By Christine Buhl Andersen
The Argentinean artist Karina Peisajovich started out as a classical painter, working primarily with painting on canvas throughout the early part of her career. In recent years she has expanded the field of her painting to installations thought for the particular architectonic space of her projects. This does not mean that she has put painting behind her, however. Her installations often consist of images painted on walls, extending across several surfaces, and they make use of the architecture to create spatial illusions by means of large, geometrical forms, lights and objects placed in the room. We are concerned here with painting in the expanded field .
The work Foam II , created for Vestsjællands Kunstmuseum, is exhibited in a dark room. After a while, different colored lights appear as projections on a dark grey, rectangular field painted on the curved wall of the exhibition space. They fluctuate between different color values and extremely low light intensities. The tempo of the intervals is quite slow, and the title Foam II is meant as a metaphor for the way light and dark behave when different, colored lights slide in over each other in a constant, flowing motion, 'foaming' during sequences of stronger light that crop up between sequences of near-dark. With these low intensities of light, bordering on darkness, it is up to the observer to determine whether there is any light there at all, or just darkness, for the eyes are subjected to only a minimum of the amount of light they are able to perceive.
Part of the work consists of a small table which holds the lamps and the timer, placed on the floor in front of the dark screen. This clearly visible set-up resembles that of a moviehouse where a film is projected onto a screen, only in reverse. Here the light is not projected onto a white screen, but onto a dark field that appears as a kind of negative of the normal film screen. This makes for a paradoxical reversal of the moviehouse situation, with the screen seeming to swallow up the color and light projected onto it, rather than showing it. Instead of appearing, the picture disappears.
This is an important point to Karina Peisajovich who is not concerned with creating the illusion that her images are generated naturally; on the contrary, she wants honesty in regard to the situations she establishes. Therefore the table must be seen, and wires, lamps and timer must be visible. What interests her is the question of how pictures are generated, how illusions are created, and how our perception affects the creation of the images we see. For Peisajovich the opposition of light and darkness is not associated with anything metaphysical or religious, but with phenomena that belong here on earth: Light and shadow are materials which she as a painter can use, just as she uses drawing utensils and paint. Light contains all colors, and if photo-graphing means 'drawing with light' in a figurative sense, this act is given concrete form in Peisajovich's work, for that is what she does in projections where light-drawings replace brushstrokes. Here the white paper is replaced by a grey surface, a shadow that swallows the color instead of showing it.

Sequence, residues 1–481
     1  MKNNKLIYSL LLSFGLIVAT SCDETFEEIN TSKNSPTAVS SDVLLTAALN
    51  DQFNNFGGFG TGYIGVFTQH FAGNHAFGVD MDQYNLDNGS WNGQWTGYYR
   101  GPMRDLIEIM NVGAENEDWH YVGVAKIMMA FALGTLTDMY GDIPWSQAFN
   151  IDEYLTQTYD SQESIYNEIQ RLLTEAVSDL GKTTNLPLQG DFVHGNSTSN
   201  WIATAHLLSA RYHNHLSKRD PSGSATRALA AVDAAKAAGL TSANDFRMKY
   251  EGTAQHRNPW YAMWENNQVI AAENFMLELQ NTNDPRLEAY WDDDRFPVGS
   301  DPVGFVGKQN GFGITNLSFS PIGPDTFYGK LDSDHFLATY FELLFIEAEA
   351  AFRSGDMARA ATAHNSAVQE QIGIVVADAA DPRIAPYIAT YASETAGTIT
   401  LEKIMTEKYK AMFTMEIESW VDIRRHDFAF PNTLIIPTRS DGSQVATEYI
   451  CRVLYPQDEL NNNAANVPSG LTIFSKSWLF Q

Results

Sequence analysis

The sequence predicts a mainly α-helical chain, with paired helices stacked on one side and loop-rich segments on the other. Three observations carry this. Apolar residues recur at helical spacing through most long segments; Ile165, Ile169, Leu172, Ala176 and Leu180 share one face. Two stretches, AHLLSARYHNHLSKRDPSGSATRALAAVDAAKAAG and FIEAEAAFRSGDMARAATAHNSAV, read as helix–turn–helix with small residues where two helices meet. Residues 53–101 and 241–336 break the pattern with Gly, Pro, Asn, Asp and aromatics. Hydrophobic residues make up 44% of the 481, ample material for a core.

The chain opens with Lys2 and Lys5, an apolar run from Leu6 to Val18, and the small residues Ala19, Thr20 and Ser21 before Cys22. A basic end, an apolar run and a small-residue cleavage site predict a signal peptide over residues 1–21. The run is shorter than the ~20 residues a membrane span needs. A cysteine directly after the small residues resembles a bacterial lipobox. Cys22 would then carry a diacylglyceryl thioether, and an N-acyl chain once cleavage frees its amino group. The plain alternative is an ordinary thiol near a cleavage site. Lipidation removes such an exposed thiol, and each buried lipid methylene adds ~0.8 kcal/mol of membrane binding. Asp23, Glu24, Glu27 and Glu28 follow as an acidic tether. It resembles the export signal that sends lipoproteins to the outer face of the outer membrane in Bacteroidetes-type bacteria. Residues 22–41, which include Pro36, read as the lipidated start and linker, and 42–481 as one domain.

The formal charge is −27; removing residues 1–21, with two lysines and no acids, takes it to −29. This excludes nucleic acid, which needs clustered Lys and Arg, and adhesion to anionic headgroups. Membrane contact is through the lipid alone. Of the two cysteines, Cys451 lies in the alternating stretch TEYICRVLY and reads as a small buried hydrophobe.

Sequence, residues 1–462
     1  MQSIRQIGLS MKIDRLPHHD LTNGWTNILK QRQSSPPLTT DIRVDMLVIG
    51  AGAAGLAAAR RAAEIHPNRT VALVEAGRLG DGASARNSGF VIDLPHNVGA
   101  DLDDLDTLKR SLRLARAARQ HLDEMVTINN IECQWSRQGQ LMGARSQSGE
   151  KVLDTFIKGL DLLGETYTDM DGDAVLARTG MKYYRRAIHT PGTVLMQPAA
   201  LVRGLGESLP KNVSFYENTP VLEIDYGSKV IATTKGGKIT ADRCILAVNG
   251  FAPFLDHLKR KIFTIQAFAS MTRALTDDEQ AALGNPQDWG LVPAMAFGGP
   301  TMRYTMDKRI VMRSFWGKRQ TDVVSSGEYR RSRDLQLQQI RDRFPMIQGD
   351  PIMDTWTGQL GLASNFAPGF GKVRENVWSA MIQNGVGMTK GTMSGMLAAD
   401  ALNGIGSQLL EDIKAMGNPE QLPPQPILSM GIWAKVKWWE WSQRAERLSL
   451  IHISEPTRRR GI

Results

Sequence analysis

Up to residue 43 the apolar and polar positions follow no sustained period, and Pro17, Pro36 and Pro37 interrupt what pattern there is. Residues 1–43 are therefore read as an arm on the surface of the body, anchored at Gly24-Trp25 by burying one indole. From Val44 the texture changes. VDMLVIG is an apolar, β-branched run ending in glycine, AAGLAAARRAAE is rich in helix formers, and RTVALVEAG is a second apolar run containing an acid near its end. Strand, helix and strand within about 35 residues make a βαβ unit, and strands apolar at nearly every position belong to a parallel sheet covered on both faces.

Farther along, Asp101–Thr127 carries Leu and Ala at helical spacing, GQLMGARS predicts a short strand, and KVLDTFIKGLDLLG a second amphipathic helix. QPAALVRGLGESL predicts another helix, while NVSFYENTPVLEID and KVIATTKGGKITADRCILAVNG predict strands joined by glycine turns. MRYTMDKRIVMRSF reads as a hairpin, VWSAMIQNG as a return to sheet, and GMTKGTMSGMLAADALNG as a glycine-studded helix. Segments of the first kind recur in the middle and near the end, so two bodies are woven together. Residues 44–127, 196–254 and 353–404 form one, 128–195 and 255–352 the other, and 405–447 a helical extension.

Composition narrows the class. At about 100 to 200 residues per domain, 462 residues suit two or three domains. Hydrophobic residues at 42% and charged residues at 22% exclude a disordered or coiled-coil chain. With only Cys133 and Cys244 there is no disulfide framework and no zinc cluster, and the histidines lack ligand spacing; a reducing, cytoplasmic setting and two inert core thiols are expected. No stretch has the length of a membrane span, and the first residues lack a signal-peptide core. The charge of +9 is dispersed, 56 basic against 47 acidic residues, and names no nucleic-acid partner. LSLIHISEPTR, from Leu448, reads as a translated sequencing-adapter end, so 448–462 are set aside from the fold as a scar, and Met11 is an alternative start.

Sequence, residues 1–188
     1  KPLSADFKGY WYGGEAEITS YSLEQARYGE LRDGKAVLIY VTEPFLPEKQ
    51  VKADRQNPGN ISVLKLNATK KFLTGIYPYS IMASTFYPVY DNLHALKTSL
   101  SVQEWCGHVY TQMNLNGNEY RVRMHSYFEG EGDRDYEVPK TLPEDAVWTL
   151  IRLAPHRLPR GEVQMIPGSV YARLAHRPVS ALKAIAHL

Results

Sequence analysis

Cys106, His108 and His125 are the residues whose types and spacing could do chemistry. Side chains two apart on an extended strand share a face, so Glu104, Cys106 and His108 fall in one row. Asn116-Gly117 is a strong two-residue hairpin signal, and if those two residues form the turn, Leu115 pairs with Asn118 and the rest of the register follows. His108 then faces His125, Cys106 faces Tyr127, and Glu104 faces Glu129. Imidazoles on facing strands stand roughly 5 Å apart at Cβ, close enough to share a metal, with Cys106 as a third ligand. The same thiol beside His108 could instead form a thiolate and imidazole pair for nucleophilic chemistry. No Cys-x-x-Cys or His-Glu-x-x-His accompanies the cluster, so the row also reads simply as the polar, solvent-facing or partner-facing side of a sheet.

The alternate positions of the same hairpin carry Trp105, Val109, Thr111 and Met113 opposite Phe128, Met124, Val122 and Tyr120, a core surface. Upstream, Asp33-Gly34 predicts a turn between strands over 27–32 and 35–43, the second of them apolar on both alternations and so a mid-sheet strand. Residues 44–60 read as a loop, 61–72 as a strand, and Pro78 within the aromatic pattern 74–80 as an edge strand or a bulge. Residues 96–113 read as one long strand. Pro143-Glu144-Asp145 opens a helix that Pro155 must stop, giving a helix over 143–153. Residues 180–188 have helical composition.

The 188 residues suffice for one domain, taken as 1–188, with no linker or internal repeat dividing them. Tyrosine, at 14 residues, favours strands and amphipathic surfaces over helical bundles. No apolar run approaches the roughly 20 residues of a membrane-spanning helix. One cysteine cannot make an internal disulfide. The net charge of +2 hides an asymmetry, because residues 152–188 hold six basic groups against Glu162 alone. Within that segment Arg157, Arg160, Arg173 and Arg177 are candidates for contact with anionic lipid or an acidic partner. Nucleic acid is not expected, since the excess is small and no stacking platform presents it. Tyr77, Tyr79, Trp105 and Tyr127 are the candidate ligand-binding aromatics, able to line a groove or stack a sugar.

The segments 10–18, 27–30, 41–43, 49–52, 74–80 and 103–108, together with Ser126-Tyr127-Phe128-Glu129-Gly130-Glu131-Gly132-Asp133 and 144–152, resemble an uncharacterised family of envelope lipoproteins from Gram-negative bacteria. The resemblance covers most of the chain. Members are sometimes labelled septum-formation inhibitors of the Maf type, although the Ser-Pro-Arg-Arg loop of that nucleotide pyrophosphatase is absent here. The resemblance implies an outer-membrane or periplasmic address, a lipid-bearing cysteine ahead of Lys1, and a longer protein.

You can choose to see Peisajovich's installations as visual zones or landscapes in which the simple operations she performs tend to dissolve the structure of space and place the observer in a state of fascination and confusion. In F oam II she does so by means of the curved wall and the darkness, creating a kind of eternity, or dark depth, from which color seems to be emitted. The fact that light is transmitted, projected and changed by means of a timer - and that change and movement consequently occur in the installation - means that a time dimension is at work. The art historian Rodolfo Biscia has said of Karina Peisajovich's expanded paintings or landscapes that they represent a kind of cosmic system where images are generated on the basis of their own laws and rules, and that over time, as you watch them, they become a sort of cosmos of light and shadow, constructed by Peisajovich as a 'complex planetary system composed of temporal images.'
It can be said of the installation Foam II that the images arising in this miniature cosmos border on the origins of image and color, giving us a sense of images in their deepest primal state and letting us encounter color in its darkest shades. Here individual colors lose their distinction; they become dusty and flow together in a mass of light, constantly fluctuating and moving over the surface as if on a primal soup of color. In this way Peisajovich comes close to the physicists' explanation of the nature of darkness, since absolute darkness is non-existent; rather, darkness is a state in constant motion. Here it is as if the light is dirty and the shadow clean. You can see the different colors as relics of light, seeming to come out of their own dark shades of color. Or you can see the dark surface as the source of light and color. You can also choose to look at Foam II as an abstraction of Plato's cave: Only here it is light itself that has turned into the shadows on the cave wall.
Text for the catalogue of the exhibition The Shadow,
Vestsjaelland Kunstmuseum, Søro, Denmark.